That's exactly what she did. Julie serviced maintenance accounts alone, and then hired a couple of other women to help with smaller landscaping jobs on the weekends.
By 2003 she was at a crossroads. Opportunity presented itself in the way of a rapidly growing market. Husband Ed, who had been working in his family's bridge-building business, decided to join his wife in her venture. They rebranded as Outdoor Expressions. "I liked that name because it left the door open to a variety of outdoor services, not just lawn maintenance," Julie points out.
Ed and Julie flew solo for the first two years. Then they hired an employee to help with landscaping. Today they have eight employees. In addition to that three-man maintenance crew, a separate two-man crew handles a variety of unique jobs such as cleanups and enhancements, weeding, and rooftop garden maintenance. Ed runs the four-person landscape/hardscape crew. Julie, to her own chagrin, spends the majority of her time in the office these days.
"I still do a lot of designs, and always do the plant layouts on landscaping jobs," Julie says. "I tend to tweak things once I'm on site, like maybe pull some plants out of a design. I don't want to force anything. I want a new landscape to fit as well in 10 years as it does in two."
Julie also likes her landscapes to be unique. Her degree in horticulture science comes in handy. "Understanding plant material is the biggest thing with effective landscape design," she says. "It seems like you're always limited to different types of rock and plant material depending on where you're located, especially out here in Montana where we're so far from everything. You sometimes end up with cookie-cutter landscaping.
"One of my pushes from the beginning was that there's a lot of plant material out there that is low-maintenance, yet hearty, that doesn't get used," Julie continues. "An example would be Fine Line Buckthorn; a great upright shrub. I've made an effort to work hard at finding unique things that homeowners will like."
Letting go and looking ahead
One thing Billings-area homeowners seem to like more and more is hardscaping. Julie says that a desire to extend one's home is driving this trend.
"There are a lot of expansive lots in our market," Julie explains. "We're talking about two-acre lots in subdivisions. So the addition of hardscapes doesn't really hurt our mowing business; there is still plenty of grass to mow. Homeowners aren't putting in things like patios and outdoor kitchens because they want to get rid of grass. They simply have the room and want to extend their homes. We're happy to help them."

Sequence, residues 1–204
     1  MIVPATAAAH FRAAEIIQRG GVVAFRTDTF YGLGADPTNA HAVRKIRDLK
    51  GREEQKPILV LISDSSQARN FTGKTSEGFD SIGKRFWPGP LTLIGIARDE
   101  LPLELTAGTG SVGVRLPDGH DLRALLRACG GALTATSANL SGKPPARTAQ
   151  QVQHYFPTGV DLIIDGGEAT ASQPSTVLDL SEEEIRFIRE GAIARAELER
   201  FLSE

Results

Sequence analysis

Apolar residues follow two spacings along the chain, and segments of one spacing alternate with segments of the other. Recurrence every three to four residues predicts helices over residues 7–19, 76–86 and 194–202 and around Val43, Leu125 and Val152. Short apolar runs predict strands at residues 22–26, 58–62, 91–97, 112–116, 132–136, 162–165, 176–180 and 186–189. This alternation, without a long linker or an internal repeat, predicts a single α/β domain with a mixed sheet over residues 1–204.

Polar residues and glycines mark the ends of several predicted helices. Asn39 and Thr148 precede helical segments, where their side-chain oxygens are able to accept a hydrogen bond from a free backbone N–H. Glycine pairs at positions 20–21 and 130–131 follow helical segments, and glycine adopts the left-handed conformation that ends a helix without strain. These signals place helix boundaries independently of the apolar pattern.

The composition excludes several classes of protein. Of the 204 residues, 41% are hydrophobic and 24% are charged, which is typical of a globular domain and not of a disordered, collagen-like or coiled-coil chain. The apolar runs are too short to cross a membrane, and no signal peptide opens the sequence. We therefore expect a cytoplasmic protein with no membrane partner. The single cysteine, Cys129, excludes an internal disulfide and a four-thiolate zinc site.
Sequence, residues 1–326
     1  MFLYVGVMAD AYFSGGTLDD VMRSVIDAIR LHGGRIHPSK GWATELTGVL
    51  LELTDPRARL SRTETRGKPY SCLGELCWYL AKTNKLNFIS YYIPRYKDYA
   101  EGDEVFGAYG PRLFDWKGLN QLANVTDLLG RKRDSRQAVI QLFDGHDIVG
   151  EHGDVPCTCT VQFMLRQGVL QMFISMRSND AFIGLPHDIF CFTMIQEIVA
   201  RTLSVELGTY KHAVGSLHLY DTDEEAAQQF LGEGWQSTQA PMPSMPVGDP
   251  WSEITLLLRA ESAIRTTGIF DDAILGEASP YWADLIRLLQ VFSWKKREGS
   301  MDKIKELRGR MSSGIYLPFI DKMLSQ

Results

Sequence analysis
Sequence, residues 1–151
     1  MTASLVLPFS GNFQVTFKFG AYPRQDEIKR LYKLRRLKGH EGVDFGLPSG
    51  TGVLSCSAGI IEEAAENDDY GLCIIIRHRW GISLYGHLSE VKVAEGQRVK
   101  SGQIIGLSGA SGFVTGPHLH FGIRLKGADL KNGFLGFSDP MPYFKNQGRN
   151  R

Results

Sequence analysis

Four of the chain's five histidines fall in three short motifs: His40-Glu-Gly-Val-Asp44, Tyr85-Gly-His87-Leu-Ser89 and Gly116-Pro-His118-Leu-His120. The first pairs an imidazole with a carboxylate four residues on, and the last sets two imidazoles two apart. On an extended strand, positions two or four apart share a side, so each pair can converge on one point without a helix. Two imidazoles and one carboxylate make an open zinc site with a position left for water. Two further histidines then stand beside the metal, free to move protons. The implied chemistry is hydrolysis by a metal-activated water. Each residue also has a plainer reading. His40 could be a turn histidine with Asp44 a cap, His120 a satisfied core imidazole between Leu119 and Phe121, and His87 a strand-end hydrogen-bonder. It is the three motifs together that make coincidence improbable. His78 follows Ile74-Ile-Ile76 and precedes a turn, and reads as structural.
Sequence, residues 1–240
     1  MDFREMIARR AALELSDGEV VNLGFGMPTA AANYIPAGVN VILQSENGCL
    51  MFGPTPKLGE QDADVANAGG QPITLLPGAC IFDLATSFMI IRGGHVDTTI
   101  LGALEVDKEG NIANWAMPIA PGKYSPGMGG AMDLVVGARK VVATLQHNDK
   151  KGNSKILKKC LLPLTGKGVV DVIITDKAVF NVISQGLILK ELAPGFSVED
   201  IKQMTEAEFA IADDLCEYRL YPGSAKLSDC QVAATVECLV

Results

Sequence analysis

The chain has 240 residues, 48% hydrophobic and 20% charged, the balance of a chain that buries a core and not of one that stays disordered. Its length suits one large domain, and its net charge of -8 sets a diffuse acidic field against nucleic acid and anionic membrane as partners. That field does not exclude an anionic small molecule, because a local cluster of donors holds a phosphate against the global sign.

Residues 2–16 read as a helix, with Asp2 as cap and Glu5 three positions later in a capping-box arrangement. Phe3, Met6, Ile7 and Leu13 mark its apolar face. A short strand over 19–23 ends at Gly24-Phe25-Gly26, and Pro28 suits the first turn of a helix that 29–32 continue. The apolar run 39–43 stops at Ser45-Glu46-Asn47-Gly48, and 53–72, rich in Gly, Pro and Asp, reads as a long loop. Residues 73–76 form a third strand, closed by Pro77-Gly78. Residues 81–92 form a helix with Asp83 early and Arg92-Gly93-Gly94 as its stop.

In addition to becoming one of the area's premier hardscape installers, Outdoor Expressions has also become a dealer for Willow Creek Paver Stones; yet another example of opportunity presenting itself.
Looking ahead, Julie sees two potential opportunities: adding that second maintenance crew, and branching into organic lawn care.
Right now Outdoor Expressions is subbing-out all of its fertilization and weed control services. However, an organic program is something Julie thinks could be offered in-house. She's just looking for the right products to use. "Organics is definitely something people around here would be interested in," Julie says. "I don't think it's as much about protecting the environment as it is about keeping their children safe. But they will also want to keep their lawns green and weed-free. So I need to make sure we can easily source some products that will work well."
Whether or not an expansion into organic lawn care is right for Outdoor Expressions is a decision which Ed and Julie—and Ed and Julie alone—will make. Julie has taken her husband's advice about keeping her head down to heart.
"It's easy to look around and see what other landscape companies are doing, both here in Montana and across the country," Julie says. "Ed and I try not to tempt ourselves. We do what's in our comfort level; what we think we can handle and do a good job at. Then we price how we price—and I think that's a good business model for any contractor to use." It certainly has worked for Outdoor Expressions.